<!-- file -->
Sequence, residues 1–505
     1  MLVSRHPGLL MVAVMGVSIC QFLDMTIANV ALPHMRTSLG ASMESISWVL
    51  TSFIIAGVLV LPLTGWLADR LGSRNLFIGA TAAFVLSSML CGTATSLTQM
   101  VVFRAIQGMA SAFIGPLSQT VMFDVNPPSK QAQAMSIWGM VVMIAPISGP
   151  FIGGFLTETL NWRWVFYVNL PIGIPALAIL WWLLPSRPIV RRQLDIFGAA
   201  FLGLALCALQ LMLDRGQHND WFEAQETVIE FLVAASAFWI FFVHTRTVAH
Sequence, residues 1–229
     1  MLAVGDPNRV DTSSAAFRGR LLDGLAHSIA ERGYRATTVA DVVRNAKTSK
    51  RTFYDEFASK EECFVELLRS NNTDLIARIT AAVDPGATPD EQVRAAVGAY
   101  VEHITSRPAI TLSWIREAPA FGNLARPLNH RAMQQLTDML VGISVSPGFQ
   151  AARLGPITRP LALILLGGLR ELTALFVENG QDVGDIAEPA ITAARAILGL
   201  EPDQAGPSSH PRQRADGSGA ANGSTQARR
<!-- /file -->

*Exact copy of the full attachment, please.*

Sequence, residues 1–505
     1  MLVSRHPGLL MVAVMGVSIC QFLDMTIANV ALPHMRTSLG ASMESISWVL
    51  TSFIIAGVLV LPLTGWLADR LGSRNLFIGA TAAFVLSSML CGTATSLTQM
   101  VVFRAIQGMA SAFIGPLSQT VMFDVNPPSK QAQAMSIWGM VVMIAPISGP
   151  FIGGFLTETL NWRWVFYVNL PIGIPALAIL WWLLPSRPIV RRQLDIFGAA
   201  FLGLALCALQ LMLDRGQHND WFEAQETVIE FLVAASAFWI FFVHTRTVAH
Sequence, residues 1–229
     1  MLAVGDPNRV DTSSAAFRGR LLDGLAHSIA ERGYRATTVA DVVRNAKTSK
    51  RTFYDEFASK EECFVELLRS NNTDLIARIT AAVDPGATPD EQVRAAVGAY
   101  VEHITSRPAI TLSWIREAPA FGNLARPLNH RAMQQLTDML VGISVSPGFQ
   151  AARLGPITRP LALILLGGLR ELTALFVENG QDVGDIAEPA ITAARAILGL
   201  EPDQAGPSSH PRQRADGSGA ANGSTQARR